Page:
Asian stocks frightened by fear of US inflation and hopes of Fed calm
Asian stocks slumped to seven-week lows on Thursday after a dismaying rise in US inflation pummeled Wall Street and pushed bond yields up amid concerns the Federal Reserve may have to act early on tightening .
“Higher inflation is a definite drawback for stocks given the likely reaction of rates,” said Alan Ruskin, macroeconomic strategist at Deutsche Bank.
“The more nominal GDP gains are dominated by higher inflation, particularly wage inflation, the greater the possible pressure on profit margins. This plays into a more jerky and less bullish equity bias.”
The largest MSCI index of Asia-Pacific stocks outside of Japan (.MIAPJ0000PUS) fell 0.6%, although trade was weakened by the holidays in a number of countries.
The Japanese Nikkei (.N225) fell 1.8% and hit its lowest since early January, while the Chinese blue chips (.CSI300) lost 0.7%.
Asian markets were already on their backs this week amid fears of inflation and a sell-off of technology on Wall Street, and nerves were further rocked on Wednesday when Taiwanese stocks (.TWII) fell amid fears the l The island faces a partial lockdown amid an outbreak of the virus. Read more
Nasdaq futures were trying to rally with a gain of 0.5%, while S&P 500 futures added 0.4%. But EUROSTOXX 50 futures still caught overnight declines and lost 0.5%, while FTSE futures lost 0.3%.
Wall Street was blind when data showed US consumer prices rose the most in nearly 12 years in April, as demand boomed amid an economic reopening meeting supply constraints. at home and abroad. Read more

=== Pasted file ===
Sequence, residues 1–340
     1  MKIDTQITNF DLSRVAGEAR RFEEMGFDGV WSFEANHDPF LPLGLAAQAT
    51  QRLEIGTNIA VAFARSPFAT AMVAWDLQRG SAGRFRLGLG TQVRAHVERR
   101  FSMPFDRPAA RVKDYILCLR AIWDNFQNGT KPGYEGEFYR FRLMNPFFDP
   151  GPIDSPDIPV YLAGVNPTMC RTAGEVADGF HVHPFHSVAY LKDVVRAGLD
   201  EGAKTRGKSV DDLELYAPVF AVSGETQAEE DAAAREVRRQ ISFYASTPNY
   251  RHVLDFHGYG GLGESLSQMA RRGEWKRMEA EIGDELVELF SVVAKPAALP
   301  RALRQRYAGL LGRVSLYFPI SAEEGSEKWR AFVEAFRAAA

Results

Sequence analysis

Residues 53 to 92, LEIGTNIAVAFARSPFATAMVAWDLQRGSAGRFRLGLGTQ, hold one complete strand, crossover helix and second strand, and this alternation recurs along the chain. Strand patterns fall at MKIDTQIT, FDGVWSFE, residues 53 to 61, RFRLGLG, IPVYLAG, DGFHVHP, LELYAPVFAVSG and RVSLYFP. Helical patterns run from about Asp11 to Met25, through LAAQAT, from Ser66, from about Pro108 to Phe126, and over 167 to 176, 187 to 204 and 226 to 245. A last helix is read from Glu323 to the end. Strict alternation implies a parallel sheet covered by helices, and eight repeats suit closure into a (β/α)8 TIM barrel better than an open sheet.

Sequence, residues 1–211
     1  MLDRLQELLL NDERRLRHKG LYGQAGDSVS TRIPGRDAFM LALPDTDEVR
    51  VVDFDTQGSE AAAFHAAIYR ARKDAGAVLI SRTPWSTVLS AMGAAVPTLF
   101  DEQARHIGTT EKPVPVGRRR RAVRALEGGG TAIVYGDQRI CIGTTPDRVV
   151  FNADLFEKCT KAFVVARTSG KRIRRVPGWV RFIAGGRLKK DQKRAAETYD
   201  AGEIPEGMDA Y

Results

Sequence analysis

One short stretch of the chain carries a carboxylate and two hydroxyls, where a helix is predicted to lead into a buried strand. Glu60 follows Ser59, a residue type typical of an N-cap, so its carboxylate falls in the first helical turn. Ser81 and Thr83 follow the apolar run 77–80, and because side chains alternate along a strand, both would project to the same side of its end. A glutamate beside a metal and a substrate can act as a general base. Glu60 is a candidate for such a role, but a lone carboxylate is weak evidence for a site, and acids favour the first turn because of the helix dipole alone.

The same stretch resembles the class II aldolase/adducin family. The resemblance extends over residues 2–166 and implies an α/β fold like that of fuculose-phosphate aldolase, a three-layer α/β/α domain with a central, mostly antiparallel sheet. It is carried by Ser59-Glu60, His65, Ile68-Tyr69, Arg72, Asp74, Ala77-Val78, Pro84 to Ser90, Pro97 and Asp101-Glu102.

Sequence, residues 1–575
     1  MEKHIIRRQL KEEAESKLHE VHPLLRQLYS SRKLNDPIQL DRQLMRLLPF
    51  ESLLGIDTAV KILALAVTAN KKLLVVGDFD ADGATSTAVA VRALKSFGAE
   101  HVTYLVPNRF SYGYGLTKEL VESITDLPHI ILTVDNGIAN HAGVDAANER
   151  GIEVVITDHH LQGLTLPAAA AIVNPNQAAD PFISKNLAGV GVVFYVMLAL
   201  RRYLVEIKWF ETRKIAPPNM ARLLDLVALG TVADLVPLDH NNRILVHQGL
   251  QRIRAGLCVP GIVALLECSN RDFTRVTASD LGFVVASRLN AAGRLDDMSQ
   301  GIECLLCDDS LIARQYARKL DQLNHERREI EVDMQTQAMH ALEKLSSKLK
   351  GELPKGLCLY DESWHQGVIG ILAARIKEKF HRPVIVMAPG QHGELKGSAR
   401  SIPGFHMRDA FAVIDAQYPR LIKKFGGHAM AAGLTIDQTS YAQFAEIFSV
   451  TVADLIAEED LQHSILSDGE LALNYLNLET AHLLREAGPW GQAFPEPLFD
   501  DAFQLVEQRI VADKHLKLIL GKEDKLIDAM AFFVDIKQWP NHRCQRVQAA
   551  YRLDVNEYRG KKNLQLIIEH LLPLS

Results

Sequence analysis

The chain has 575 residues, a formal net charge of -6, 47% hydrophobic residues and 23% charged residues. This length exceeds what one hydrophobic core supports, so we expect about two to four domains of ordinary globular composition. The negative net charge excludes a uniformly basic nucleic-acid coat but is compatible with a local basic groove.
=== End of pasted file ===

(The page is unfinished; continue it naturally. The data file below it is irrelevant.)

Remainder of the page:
The rise was largely due to disproportionate increases in air fares, used cars and accommodation costs, all of which were due to the pandemic and likely transient.
Fed officials were quick to downplay the impact of the one-month figures, with Vice President Richard Clarida saying stimulus measures would still be needed for “some time.”
“It would probably take a very strong employment report in May, with significant upward revisions through March and especially April, for the Fed to start a discussion on the cut at its June meeting,” he said. said JPMorgan economist Michael S. Hanson.
“We continue to expect the Fed to start reducing its pace of asset purchases early next year.”
Investors have responded by predicting an 80% chance of a Fed rate hike as early as December of next year.
Yields on 10-year Treasuries stabilized at 1.68%, after climbing 7 basis points overnight in the biggest daily rise in two months. The yield curve also steepened sharply.
It was a boost for the dollar, which had sagged under the weight of the rapidly expanding US budget and trade deficits. The euro fell to $ 1.2082, leaving behind a 10-week peak at $ 1.2180.
The dollar settled at 109.60 yen, after hitting a five-week high of 109.78 and well below this week’s low of 108.34. The dollar index hovered at 90.672, from a 10-week low at 89.979.
In the cryptocurrency space, Bitcoin stabilized after slipping more than 10% when Elon Musk tweeted that Tesla Inc (TSLA.O) had suspended the use of Bitcoin to purchase its vehicles. Read more
Rising yields and the dollar put pressure on gold, which remained at $ 1,819 an ounce and off a multiple high around $ 1,845.
Oil prices moved away from their two-month highs, hit after falling U.S. crude exports and the International Energy Agency (IEA) said demand was already outstripping supply.
Brent lost 46 cents to $ 68.86 a barrel, while US crude lost 47 cents to $ 65.61.
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